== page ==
conditions existing at the balance sheet date. An example is the decline in
market value of investments between the balance sheet date and the date on
which the financial statements are approved. Ordinary fluctuations in market
values do not normally relate to the condition of the investments at the balance
sheet date, but reflect circumstances which have occurred in the following
8.4 Events occurring after the balance sheet date which do not affect the
figures stated in the financial statements would not normally require disclosure
in the financial statements although they may be of such significance that
they may require a disclosure in the report of the approving authority to
enable users of financial statements to make proper evaluations and decisions.
8.5 There are events which, although they take place after the balance
sheet date, are sometimes reflected in the financial statements because of
statutory requirements or because of their special nature. Such items include
the amount of dividend proposed or declared by the enterprise after the
balance sheet date in respect of the period covered by the financial statements.
8.6 Events occurring after the balance sheet date may indicate that the
enterprise ceases to be a going concern. A deterioration in operating results
and financial position, or unusual changes affecting the existence or substratum
of the enterprise after the balance sheet date (e.g., destruction of a major
production plant by a fire after the balance sheet date) may indicate a need
to consider whether it is proper to use the fundamental accounting assumption
of going concern in the preparation of the financial statements.
46 AS 4
9.1 The disclosure requirements herein referred to apply only in respect of
those contingencies or events which affect the financial position to a material
9.2 If a contingent loss is not provided for, its nature and an estimate of its
financial effect are generally disclosed by way of note unless the possibility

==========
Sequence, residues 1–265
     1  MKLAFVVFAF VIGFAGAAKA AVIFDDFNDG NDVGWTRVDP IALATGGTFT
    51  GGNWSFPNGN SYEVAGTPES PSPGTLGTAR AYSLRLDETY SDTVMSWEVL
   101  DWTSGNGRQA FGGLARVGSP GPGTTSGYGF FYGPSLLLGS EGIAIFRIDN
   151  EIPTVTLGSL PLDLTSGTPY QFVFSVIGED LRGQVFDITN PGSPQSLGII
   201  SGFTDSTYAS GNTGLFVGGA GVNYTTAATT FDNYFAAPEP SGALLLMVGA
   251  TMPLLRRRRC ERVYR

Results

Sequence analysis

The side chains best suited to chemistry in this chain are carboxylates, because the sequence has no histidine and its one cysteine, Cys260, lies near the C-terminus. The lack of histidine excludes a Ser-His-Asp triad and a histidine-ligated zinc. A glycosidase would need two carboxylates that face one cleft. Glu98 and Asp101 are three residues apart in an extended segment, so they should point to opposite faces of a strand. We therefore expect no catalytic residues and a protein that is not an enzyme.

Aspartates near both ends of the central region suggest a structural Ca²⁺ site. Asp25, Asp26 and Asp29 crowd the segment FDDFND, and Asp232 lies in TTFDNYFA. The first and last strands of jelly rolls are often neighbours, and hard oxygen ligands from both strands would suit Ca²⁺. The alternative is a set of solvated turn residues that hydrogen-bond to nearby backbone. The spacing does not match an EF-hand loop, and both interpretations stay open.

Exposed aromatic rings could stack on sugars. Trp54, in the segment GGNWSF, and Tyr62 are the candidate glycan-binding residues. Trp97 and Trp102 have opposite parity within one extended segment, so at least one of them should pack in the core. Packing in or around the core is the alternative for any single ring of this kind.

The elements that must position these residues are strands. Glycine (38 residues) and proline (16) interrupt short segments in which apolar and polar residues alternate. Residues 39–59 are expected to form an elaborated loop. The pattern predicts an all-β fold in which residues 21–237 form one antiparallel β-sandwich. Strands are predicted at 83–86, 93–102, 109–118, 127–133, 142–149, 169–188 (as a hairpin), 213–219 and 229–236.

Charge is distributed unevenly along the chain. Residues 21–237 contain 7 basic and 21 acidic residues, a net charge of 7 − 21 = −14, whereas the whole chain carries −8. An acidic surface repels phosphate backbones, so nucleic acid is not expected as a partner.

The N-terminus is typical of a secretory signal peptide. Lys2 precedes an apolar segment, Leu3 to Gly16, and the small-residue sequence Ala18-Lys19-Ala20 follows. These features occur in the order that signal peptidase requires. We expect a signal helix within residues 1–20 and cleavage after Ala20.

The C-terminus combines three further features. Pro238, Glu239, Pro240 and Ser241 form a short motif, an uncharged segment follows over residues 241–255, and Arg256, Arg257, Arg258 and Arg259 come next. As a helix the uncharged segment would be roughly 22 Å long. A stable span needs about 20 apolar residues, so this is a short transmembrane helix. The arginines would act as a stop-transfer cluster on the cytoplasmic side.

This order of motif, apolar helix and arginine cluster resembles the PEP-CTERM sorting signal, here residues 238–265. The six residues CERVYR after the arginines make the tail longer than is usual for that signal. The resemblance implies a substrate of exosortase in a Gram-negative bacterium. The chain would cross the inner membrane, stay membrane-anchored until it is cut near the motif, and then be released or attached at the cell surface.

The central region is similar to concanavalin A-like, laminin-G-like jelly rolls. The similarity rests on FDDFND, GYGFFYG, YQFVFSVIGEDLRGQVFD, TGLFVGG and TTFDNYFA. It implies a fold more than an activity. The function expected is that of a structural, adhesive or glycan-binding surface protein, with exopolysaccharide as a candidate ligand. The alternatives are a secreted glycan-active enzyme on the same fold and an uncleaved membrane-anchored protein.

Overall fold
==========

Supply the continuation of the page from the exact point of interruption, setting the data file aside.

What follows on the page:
of a loss is remote (other than the circumstances mentioned in paragraph
5.5). If a reliable estimate of the financial effect cannot be made, this fact is
9.3 When the events occurring after the balance sheet date are disclosed
in the report of the approving authority, the information given comprises the
nature of the events and an estimate of their financial effects or a statement
that such an estimate cannot be made.
10. The amount of a contingent loss should be provided for by a charge
in the statement of profit and loss if:
(a) it is probable that future events will confirm that, after taking
into account any related probable recovery, an asset has been
impaired or a liability has been incurred as at the balance
sheet date, and
(b) a reasonable estimate of the amount of the resulting loss can
11. The existence of a contingent loss should be disclosed in the
financial statements if either of the conditions in paragraph 10 is not
met, unless the possibility of a loss is remote.
12. Contingent gains should not be recognised in the financial
Events Occurring after the Balance Sheet Date
13. Assets and liabilities should be adjusted for events occurring after
Contingencies and Events Occurring After the Balance Sheet Date 47
the balance sheet date that provide additional evidence to assist the
estimation of amounts relating to conditions existing at the balance sheet
date or that indicate that the fundamental accounting assumption
of going concern (i.e., the continuance of existence or substratum of
the enterprise) is not appropriate.
14. Dividends stated to be in respect of the period covered by the
financial statements, which are proposed or declared by the enterprise
after the balance sheet date but before approval of the financial
statements, should be adjusted.
15. Disclosure should be made in the report of the approving authority
of those events occurring after the balance sheet date that represent
material changes and commitments affecting the financial position of
16. If disclosure of contingencies is required by paragraph 11 of this
Standard, the following information should be provided:
(a) the nature of the contingency;
(b) the uncertainties which may affect the future outcome;
(c) an estimate of the financial effect, or a statement that such
an estimate cannot be made.
17. If disclosure of events occurring after the balance sheet date in
the report of the approving authority is required by paragraph 15 of
this Standard, the following information should be provided:
(a) the nature of the event;
(b) an estimate of the financial effect, or a statement that such
an estimate cannot be made.